It suggests that male students from the most disadvantaged areas of England appear to be increasingly less likely to study for a degree.
The gulf between the proportion of working class boys and girls attending university widened in the first year of the tuition fee hike, according to new research.
Will Hutton, chair of the Independent Commission on Fees, which conducted the study, said that there has been a "worrying" widening of the gender gap.
The study analysed UCAS data on the numbers of students accepted on to university courses between 2009 and 2012.
Tuition fees were trebled in 2012 with English universities allowed to charge up to a maximum of £9,000.
The findings show that in the 40% of English neighbourhoods where teenagers are the least likely to go to university, around 1,700 fewer boys aged 19 and under were accepted on to degree courses in 2012 than in 2011.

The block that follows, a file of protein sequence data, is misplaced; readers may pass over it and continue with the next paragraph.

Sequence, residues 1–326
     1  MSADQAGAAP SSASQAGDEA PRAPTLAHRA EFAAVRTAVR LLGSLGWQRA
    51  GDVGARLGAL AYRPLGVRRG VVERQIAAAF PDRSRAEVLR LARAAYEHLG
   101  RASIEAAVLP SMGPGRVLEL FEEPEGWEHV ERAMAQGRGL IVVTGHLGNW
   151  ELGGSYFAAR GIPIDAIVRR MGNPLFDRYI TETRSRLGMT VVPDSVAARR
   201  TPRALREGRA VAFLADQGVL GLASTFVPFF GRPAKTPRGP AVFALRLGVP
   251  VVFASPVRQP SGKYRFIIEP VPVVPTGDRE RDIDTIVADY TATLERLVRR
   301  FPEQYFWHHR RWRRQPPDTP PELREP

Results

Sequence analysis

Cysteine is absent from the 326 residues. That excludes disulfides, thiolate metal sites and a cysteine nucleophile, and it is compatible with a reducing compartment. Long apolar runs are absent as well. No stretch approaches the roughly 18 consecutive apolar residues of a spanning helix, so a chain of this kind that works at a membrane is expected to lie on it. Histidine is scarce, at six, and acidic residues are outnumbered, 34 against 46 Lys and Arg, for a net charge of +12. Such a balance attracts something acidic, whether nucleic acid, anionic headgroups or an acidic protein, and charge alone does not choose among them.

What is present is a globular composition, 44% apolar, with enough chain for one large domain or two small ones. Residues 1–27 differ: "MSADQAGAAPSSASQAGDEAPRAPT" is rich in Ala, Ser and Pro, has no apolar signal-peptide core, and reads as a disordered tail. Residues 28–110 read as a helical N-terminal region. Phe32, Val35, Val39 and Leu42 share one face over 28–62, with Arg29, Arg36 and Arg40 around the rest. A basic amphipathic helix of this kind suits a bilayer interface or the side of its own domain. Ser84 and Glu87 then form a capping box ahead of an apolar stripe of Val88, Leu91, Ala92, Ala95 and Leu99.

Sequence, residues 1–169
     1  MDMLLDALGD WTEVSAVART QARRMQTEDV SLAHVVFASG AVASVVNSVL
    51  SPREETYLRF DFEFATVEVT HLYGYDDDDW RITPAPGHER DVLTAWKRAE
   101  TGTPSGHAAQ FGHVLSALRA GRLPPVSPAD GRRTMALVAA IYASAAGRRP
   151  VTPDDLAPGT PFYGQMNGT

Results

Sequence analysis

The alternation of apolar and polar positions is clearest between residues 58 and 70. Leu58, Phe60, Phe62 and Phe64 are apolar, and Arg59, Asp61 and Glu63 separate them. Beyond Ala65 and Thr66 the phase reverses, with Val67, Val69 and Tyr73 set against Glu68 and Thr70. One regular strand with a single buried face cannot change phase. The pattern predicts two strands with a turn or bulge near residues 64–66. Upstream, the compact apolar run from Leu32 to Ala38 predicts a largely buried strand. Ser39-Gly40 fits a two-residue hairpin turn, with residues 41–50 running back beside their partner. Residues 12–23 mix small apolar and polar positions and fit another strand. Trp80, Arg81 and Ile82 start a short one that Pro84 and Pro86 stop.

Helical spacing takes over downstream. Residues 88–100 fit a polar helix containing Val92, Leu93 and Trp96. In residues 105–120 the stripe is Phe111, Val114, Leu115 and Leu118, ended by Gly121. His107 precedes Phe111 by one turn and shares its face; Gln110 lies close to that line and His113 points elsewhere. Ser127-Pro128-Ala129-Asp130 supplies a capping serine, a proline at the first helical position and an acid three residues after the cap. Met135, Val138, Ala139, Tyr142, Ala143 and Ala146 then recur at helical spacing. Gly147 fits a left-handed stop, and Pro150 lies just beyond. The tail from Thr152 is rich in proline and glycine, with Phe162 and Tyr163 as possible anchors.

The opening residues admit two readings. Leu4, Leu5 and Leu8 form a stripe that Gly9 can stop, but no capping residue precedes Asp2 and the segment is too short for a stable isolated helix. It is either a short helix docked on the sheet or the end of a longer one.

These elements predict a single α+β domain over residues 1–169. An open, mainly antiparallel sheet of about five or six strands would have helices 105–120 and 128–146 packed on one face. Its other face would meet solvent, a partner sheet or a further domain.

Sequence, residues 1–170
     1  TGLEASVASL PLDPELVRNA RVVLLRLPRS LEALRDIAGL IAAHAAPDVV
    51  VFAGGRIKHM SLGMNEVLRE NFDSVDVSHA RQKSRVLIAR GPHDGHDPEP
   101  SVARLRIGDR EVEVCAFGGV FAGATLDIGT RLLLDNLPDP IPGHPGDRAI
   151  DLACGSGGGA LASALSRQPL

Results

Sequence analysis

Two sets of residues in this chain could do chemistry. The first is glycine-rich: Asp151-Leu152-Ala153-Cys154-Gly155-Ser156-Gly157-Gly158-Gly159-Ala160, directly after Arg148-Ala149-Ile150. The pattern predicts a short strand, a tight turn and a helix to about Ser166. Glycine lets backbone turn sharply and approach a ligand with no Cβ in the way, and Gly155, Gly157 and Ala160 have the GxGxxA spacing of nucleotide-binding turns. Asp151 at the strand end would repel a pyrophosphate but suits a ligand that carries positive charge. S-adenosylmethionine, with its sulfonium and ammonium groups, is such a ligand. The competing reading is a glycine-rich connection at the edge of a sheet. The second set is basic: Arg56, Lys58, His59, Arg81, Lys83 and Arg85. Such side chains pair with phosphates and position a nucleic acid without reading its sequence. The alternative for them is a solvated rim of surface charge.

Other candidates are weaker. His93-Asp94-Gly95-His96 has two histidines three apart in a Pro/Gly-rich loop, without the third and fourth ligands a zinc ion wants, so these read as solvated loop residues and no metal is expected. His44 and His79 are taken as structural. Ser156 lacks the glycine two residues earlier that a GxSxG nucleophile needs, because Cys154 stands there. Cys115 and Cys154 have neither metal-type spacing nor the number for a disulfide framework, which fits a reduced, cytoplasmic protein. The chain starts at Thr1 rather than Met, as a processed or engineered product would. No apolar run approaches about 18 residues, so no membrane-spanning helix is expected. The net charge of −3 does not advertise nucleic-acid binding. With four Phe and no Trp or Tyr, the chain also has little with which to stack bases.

The fall is partly down to changes in the population, the report says, but adds that the drop represents a 5.4% decline in the numbers of young male students from these areas going to university.
There was a smaller drop, around 3.7%, in the number of female students aged 19 and under from these neighbourhoods being accepted on to university courses, it adds.
The study says that the decline in boys from all backgrounds going on to higher education is "notable". Between 2010 and 2012, there was a 6.2% drop in boys from the richest neighbourhoods going to university, and a 1.4% drop in boys from the poorest.
It adds that while the decline was bigger among boys from the richest areas, there are still 20,000 more male students from these areas going to university each year than those from the poorest backgrounds.